Dina Asher-Smith beats Sha’Carri Richardson to 100m glory in Gateshead

On a night billed as a dress-rehearsal for the women’s 100m Olympic final in Tokyo, Britain’s Dina Asher-Smith proved to be the starring act. In brutal and biting conditions more akin to winter than Whitsun, Asher-Smith powered home to leave a string of top-quality sprinters in her slipstream.

To the casual observer her time of 11.35sec might have appeared nothing special. But it was a towering run, given it was into driving rain and a -3.1 m/s headwind. More notably still, it laid down a significant marker against the young American sensation Sha’Carri Richardson, who was second in 11.44sec, and the world 100m champion Shelly-Ann Fraser-Pryce who was fourth in 11.51.

“I was really happy to start my 100m season with a win,” said Asher-Smith. “It was far from ideal conditions. When you go to a Diamond League event, the most important thing is to run a good race plan, keep a good head. I am in good shape.”

The scalp of Richardson was particularly significant. The American has been burning up tracks throughout the spring, including a stunning 10.72sec for 100m in Florida. But Asher-Smith and the Gateshead weather proved her toughest opponent in years.

However, Richardson refused to blame the weather for her defeat, saying: “I already know where my faults are. I knew what the weather was like in all eight lanes. Everybody had the exact same thing.

I want to show them that even though this is my first year doing this, I don’t just want to exist,” she added. “I’m a competitor.”

There is something else worth recalling here. The American Florence Griffith Joyner also raced in Gateshead before winning gold at the 1988 Olympics, running a modest 11.54sec into a -2.0 m/s wind. Richardson and Asher-Smith both went faster into a wind far stronger. The rematch in Tokyo will be fascinating – and, you imagine, will be in conditions about 40F hotter.

There was a second British win of the night as Laura Muir blasted away on the back straight to win the women’s 1500m by over 50m in a time of 4:03:73, exactly four seconds clear of the field.

Elsewhere the first Diamond League meeting of the 2021 season proved not to be a night for fast times. For most athletes coming away without a niggle counted as a good result, especially with the Olympics just two months away.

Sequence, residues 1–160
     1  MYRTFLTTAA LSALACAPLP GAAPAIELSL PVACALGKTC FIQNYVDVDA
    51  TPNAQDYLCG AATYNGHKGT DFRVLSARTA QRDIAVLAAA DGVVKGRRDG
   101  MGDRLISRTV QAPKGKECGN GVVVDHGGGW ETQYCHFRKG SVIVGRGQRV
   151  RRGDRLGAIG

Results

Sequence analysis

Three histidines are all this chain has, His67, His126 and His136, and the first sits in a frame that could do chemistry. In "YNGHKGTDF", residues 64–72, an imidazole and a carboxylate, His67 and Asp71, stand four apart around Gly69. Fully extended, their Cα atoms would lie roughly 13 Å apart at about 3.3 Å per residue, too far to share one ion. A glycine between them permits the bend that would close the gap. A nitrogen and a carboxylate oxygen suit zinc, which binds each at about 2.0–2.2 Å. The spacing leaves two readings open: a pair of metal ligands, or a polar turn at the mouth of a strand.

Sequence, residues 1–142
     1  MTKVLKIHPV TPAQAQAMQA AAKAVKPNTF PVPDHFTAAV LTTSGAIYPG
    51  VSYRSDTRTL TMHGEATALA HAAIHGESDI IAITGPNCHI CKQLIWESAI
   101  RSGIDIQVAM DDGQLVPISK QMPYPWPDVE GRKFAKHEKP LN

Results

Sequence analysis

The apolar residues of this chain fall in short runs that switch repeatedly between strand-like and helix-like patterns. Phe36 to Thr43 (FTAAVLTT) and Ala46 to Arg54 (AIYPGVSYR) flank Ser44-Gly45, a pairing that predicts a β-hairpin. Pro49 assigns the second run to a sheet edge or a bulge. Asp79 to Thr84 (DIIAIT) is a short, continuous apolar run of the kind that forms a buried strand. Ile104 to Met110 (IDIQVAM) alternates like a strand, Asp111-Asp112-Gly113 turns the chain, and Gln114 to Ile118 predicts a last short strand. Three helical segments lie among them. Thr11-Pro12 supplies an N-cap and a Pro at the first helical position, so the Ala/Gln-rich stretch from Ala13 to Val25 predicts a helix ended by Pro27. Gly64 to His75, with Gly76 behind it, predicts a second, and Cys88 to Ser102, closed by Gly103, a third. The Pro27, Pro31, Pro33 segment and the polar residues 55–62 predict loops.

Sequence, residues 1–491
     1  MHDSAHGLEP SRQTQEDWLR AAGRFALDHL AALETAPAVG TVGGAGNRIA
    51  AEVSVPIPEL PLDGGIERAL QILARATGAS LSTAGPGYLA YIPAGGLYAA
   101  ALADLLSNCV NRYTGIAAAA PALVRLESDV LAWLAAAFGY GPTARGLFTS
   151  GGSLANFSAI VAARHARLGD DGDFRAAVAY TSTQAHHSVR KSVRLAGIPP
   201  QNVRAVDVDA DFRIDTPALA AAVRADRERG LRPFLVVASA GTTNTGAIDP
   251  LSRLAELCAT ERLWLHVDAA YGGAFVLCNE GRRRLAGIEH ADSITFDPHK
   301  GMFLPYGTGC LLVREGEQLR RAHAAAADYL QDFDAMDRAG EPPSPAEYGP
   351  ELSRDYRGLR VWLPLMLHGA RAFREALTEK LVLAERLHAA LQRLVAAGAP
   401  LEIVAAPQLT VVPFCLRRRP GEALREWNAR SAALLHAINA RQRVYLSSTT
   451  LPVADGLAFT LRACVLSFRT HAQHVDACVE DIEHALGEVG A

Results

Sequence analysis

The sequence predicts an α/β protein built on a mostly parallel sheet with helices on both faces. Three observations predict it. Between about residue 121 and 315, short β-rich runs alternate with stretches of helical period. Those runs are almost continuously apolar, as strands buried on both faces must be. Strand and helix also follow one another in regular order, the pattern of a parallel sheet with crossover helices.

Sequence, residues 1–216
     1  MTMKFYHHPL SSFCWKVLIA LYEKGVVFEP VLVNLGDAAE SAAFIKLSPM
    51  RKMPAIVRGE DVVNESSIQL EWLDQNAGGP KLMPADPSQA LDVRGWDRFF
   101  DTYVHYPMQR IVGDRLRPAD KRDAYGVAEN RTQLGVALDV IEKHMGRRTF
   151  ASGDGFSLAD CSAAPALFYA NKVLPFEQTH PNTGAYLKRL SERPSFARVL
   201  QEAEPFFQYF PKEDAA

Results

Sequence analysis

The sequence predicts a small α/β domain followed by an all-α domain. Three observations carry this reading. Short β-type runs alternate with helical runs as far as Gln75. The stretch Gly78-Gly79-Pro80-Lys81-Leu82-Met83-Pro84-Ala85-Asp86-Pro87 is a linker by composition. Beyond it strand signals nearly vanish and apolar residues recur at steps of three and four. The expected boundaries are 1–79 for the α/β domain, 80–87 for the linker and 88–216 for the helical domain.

As the Jamaican Stephenie Ann McPherson put it after coming second to Ellis Kendall in the women’s 400m: “It wasn’t good conditions to run in, I am grateful to come out here and finish injury-free.”

Everywhere the weather turned superheroes into mere mortals. Mondo Duplantis, the pole vault world record-holder, has cleared 6.18m during his career. Here he could only manage 5.55m.

But to his great credit, instead of heading indoors he wrapped up and took to holding an umbrella for his rival Sam Kendricks as he prepared to take his turn. “I’m OK, I’m healthy, that’s the main thing,” admitted Duplantis afterwards.

It was so cold that Mariya Lasitskene, the Russian high jump world champion, started her competition wearing a hat, gloves, and full-length tights. Usually she floats serenely over two metres. Here she bowed out in fourth after failing three times at 1.91m. Ahead of her was Britain’s Emily Borthwick, who cleared a PB of 1.91m, to finish second behind Kamila Licwinko of Poland.

A final British win came in the women’s 100m hurdles as Cindy Sember came through to win in 13.28sec. “I am very pleased with that,” she said. “I don’t think I have ever run in that much wind. It really could have been a lot worse.”

Sember, who finished fourth in the Rio Olympics before suffering an achilles injury added: “I’m very excited to see what else I have in store. We’ve been training hard and my legs are not quite tapered yet so I’m excited to see once we start preparing for champs and everything.”

There were encouraging signs as she insisted that she was over her injuries. “It’s been a lot of mental toughness,” she said. “I do think I’ve got over the specific injuries I had. It’s still a daily battle with my mental state – I’m still working on it. I’m so grateful to be back.”

The Norwegian Jakob Ingebrigtsen coped better than most with the inclement conditions as he won the men’s 1500m in a season’s best 3:36:27 but even he admitted it had been a struggle. “This is normal weather back in the west coast of Norway,” he said. “But it’s really tricky to run fast in these conditions because all of a sudden if you get a sudden gust of wind then everything is ruined.”

source: theguardian.com